On December 25, 1942, the Onslow took over the escort of the Northern Sea convoy JW 51B with the sister boats Obedient , Obdurate , Oribi and Orwell . The destroyer Achates , a mine sweeper , two corvettes and two armed trawlers were also used to secure the partial convoy, which comprised 15 ships . In very difficult weather conditions, the convoy was looking for its way to Murmansk when it was attacked by the German heavy cruiser Admiral Hipper on December 31, 1942 . The Onslow in command , Captain Sherbrooke, decided to counterattack with Obedient , Obdurate and Orwell , which resulted in the

developed. The Oribi was not available because it had lost touch.

The German attackers of the Rainbow company , in addition to the Hipper , the former armored ship Lützow and six destroyers, did not succeed in a coordinated attack. After the arrival of the British local security with the cruisers HMS Sheffield and HMS Jamaica and hits on the Hipper , the Germans withdrew. Both sides had lost a destroyer in Friedrich Eckoldt and Achates ; the British added the mine sweeper Bramble . In addition, the destroyers Obedient and Obdurate had received hits. The Onslow was badly hit and suffered 17 deaths in addition to many injuries. The seriously injured Commander Sherbrooke was awarded the Victoria Cross for his courageous leadership of the destroyers .

Deployments in 1943/44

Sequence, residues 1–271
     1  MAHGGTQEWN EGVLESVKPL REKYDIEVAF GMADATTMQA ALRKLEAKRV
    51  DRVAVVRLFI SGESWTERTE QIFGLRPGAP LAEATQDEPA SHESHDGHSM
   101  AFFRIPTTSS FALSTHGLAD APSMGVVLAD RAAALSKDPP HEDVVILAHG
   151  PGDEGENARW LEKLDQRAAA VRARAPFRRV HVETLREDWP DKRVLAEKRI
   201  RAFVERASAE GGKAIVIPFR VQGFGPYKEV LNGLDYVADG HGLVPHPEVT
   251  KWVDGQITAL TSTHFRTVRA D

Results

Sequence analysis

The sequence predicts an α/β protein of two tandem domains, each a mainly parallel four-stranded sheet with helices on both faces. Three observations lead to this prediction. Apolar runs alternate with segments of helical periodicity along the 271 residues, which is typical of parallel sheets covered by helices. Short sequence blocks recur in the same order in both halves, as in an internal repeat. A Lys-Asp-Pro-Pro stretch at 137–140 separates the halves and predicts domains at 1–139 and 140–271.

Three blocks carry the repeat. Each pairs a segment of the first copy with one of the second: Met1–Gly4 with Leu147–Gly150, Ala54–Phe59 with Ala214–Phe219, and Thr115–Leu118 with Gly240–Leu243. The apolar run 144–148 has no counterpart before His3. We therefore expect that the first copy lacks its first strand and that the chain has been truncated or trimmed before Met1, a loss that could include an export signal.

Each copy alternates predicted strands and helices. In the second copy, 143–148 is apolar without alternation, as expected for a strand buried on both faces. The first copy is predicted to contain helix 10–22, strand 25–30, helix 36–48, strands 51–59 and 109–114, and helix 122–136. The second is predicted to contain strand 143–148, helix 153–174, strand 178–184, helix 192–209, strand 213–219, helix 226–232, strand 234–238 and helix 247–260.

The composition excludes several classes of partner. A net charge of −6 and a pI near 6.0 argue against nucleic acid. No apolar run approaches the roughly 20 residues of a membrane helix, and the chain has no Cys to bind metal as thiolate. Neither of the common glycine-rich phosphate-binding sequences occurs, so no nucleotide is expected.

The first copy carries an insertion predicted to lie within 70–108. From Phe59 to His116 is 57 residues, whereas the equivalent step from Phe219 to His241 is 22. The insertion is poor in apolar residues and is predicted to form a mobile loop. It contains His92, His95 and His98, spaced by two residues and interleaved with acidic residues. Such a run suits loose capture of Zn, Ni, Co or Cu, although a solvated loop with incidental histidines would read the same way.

As a result of the battle on New Year's Eve, the Onslow was makeshift repaired in Murmansk and was only able to return to Great Britain on January 29, 1943 with the convoy RA 52 . On February 7th, she went to a shipyard in Hull for major repairs. A modern lattice mast was installed, the radar system renewed and a new radio direction finder installed. From the end of April the boat was retracted with a new crew. At the end of May, the boat with the Orwell secured the battleship Howe on the voyage to Gibraltar. Then battleships were secured in the Mediterranean and then accompanied with Orwell the Nelson on the march back to Plymouth . In June the Onslow took over the duties of the flotilla commander from the Offa for the "17th destroyer flotilla". In mid-August, King George VI went. in Scrabster on board the Onslow for the crossing to Scapa Flow to visit the Home Fleet. From the beginning of November, the boat was back in use for securing northern sea convoys. From December 22, 1943, she was part of the security of convoy JW 55B . When the approach of the Scharnhorst was determined, the Onslow remained with the convoy and was not involved in the naval battle off the North Cape , while some of the destroyers were used to repel the German battleship.

At the beginning of 1944 the boat was overhauled and the radar system improved again. From March onwards, the boat was also preparing for a mission in the canal in the event of an Allied landing on the continent. At the end of the month, he was deployed again to secure a Northern Sea convoy ( JW 58 ) with the cruiser Diadem , the escort carriers Activity and Tracker and the destroyers Obedient , Offa , Offa , Opportune , Oribi , Orwell , Saumarez , Serapis , Scorpion , Venus as well as the Norwegian Stord . On May 14, the Onslow took part in a carrier raid by the Emperor and Striker against shipping offshore Norway.